BERLIN — As coronavirus infections surge across parts of Central Europe, the governments of the Czech Republic and Poland are reluctant to return to nationwide lockdowns, even though the renewed pace of infection threatens to overwhelm their health systems.

“We will not decide this week about a lockdown,” Czech Deputy Prime Minister Karel Havlicek said Sunday, despite the country reporting one of the world’s highest per capita infection rates, around 10 times as high as neighboring Germany’s.

The Czech government imposed one of Europe’s strictest lockdowns in spring, at a time when the country had one of Europe’s lowest infection rates.

Its response to a second wave has appeared less decisive. Although some curbs have been reimposed in recent weeks — shutting bars, restaurants and schools — pressure has mounted to avoid another nationwide lockdown, as many shops fear bankruptcy.

On Sunday, Czech police officers clashed with violent protesters who oppose the latest restrictions.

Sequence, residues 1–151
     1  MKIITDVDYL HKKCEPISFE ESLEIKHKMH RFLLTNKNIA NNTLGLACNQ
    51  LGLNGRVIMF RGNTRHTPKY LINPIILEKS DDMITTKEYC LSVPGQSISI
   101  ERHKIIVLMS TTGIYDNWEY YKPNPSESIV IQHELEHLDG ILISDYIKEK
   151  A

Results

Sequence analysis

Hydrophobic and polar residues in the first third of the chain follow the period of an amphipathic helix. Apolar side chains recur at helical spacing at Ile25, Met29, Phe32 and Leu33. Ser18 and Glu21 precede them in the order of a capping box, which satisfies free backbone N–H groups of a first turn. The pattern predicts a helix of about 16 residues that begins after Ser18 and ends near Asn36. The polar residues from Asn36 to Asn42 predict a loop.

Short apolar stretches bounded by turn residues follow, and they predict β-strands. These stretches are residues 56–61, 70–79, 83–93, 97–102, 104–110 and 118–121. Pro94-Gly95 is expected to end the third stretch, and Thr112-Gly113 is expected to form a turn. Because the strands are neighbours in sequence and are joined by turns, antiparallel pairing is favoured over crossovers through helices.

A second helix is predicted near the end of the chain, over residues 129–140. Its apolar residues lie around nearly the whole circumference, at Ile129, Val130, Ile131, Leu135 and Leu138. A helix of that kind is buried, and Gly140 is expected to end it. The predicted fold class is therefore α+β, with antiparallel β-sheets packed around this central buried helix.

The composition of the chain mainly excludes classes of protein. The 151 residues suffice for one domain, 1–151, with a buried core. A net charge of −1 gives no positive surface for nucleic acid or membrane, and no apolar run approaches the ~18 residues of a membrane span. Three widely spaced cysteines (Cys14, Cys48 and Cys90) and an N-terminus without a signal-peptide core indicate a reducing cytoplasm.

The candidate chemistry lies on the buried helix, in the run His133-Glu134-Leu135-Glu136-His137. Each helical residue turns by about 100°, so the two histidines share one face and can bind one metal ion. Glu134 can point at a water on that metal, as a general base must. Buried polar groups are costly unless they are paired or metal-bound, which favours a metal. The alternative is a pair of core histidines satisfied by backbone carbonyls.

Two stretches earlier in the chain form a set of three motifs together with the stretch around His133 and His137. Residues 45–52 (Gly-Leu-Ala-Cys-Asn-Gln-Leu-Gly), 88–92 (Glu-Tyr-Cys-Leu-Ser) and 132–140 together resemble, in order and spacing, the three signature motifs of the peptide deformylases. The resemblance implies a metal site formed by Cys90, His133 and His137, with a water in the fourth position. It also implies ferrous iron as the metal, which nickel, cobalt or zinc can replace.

Officials accused the protesters of risking additional infections, at a time when hospitals are delaying elective surgeries to make space for coronavirus patients. Czech authorities have scrambled to build field hospitals and are prepared to transfer some patients to neighboring Germany, in case Czech hospitals reach capacity.

Temporary facilities are also being prepared in neighboring Poland, which has seen a surge in infections that has far exceeded daily tallies in the spring.

In Warsaw, authorities are setting up a field hospital in the country’s national stadium, where about 500 coronavirus patients are expected to be treated.

Like the Czech Republic, Poland has imposed some restrictions on schools, universities and restaurants but appears determined to avoid lockdown measures.

The Washington Post

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